BOEHNER: The chair recognizes the gentlemen from California, Mr. Becerra.

REP. XAVIER BECERRA (D), CALIFORNIA: Mr. Speaker, as chairman of the Democratic Caucus, I have been directed to report to the House that the Democratic members have selected as minority leader the gentle woman from the state of California, the Honorable Nancy Pelosi.

BOEHNER: The chair recognize the gentle lady from Washington state, Mrs. McMorris Rodgers.

RODGERS: Mr. Speaker, as chair of the Republican Conference, I'm directed by that conference to notify the House officially that the Republican members have selected as majority whip the gentlemen from California, the Honorable Kevin McCarthy.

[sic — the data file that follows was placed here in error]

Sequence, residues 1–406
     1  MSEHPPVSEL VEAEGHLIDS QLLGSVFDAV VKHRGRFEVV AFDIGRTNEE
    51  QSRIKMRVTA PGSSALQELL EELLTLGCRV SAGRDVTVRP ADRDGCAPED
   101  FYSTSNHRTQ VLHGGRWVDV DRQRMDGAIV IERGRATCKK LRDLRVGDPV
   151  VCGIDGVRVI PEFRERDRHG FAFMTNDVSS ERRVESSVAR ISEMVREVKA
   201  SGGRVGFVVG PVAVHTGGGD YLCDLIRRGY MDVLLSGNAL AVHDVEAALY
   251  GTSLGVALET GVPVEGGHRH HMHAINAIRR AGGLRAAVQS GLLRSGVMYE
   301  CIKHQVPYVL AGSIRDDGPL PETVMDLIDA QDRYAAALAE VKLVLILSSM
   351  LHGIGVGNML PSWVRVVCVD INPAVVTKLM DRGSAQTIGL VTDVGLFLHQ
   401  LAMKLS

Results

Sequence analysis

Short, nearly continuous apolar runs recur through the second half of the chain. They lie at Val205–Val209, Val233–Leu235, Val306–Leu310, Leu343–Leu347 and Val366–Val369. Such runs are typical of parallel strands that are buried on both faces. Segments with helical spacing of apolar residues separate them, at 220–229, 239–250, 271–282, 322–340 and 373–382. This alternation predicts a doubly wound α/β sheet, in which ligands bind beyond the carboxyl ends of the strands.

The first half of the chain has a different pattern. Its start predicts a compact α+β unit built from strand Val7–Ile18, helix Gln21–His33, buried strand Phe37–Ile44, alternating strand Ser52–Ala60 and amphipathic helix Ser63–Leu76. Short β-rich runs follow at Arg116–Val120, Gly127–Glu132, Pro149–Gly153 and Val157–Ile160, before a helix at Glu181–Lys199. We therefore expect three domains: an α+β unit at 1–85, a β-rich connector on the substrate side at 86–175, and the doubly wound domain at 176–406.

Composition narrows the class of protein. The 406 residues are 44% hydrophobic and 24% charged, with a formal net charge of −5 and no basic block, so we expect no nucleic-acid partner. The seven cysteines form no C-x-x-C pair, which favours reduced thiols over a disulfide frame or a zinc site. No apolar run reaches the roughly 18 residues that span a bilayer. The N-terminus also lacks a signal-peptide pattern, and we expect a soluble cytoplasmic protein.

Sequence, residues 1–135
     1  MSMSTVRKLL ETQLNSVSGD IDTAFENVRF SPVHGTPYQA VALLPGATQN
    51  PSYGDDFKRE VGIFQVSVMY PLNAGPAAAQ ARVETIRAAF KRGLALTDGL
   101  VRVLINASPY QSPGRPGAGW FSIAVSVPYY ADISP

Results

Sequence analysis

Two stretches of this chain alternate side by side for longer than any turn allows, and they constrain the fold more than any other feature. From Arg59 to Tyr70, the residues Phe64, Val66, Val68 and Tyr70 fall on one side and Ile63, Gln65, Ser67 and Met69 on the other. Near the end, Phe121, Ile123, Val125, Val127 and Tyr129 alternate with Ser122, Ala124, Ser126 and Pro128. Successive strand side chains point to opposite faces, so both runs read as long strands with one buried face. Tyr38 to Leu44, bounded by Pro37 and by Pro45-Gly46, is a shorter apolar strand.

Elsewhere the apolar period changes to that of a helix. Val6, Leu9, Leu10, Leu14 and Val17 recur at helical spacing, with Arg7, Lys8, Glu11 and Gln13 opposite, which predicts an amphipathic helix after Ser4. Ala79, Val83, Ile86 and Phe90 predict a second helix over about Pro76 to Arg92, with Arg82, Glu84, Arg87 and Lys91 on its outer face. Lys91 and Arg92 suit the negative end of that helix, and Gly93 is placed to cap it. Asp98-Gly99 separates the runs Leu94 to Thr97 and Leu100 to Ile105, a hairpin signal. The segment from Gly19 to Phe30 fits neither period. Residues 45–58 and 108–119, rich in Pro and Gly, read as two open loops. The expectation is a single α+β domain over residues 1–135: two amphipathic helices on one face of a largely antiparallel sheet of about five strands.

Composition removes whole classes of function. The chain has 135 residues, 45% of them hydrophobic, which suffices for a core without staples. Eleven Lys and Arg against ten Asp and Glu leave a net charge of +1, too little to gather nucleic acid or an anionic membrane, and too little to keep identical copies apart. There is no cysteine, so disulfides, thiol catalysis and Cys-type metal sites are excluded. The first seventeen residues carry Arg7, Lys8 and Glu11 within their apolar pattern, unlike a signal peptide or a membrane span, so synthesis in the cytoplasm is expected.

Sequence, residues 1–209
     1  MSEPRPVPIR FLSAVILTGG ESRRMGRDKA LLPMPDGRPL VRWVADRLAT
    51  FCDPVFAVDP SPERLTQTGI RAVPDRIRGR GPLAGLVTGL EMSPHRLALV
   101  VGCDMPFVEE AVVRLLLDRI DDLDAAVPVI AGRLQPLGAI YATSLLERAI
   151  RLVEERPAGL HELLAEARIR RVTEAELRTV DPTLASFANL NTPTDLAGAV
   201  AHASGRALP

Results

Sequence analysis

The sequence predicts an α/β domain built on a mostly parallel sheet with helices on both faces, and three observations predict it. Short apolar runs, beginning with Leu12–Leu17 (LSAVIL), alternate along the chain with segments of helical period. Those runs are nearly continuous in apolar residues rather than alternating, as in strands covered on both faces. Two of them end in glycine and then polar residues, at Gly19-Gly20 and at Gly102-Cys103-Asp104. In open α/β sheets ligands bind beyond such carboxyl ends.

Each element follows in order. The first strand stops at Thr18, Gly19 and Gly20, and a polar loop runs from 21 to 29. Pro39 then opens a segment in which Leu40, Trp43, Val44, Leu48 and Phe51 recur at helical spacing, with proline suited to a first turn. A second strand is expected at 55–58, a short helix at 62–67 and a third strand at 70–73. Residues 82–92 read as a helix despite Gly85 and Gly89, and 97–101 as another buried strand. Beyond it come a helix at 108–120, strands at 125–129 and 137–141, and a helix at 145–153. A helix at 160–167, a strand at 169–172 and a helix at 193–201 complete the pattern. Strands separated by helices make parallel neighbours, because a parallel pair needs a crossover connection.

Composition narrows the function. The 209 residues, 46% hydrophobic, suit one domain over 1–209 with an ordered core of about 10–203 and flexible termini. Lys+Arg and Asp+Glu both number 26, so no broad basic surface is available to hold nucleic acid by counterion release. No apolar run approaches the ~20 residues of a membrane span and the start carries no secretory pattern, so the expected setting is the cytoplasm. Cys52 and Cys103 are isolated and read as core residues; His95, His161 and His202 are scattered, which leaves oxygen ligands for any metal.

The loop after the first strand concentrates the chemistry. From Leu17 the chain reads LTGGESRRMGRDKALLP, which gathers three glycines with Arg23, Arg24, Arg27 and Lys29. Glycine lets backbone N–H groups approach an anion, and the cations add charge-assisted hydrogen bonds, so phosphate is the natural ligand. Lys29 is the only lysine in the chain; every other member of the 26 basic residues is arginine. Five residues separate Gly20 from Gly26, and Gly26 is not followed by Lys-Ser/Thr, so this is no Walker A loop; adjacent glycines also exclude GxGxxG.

BOEHNER: The chair recognizes the gentlemen from California, Mr.Becerra.

BECERRA: Mr. Speaker, as chairman of the Democratic Caucus, I have been directed to report to the House that the Democratic members have selected as minority whip the gentlemen from Maryland, the Honorable Hoyer, and as assistant Democratic leader, the gentlemen from South Carolina, the Honorable James Clyburn.

BOEHNER: The chair recognizes the gentle lady from Washington state, Mrs. McMorris Rodgers.

RODGERS: Mr. Speaker, I offer a privileged resolution and ask for its immediate consideration.

BOEHNER: The clerk will report the resolution.

UNIDENTIFIED FEMALE: House Resolution One, resolved, that Karen L. Haas of the state of Maryland be and is herby chosen clerk of the House of Representatives, that Paul D. Irving of the state of Florida be and is hereby chosen --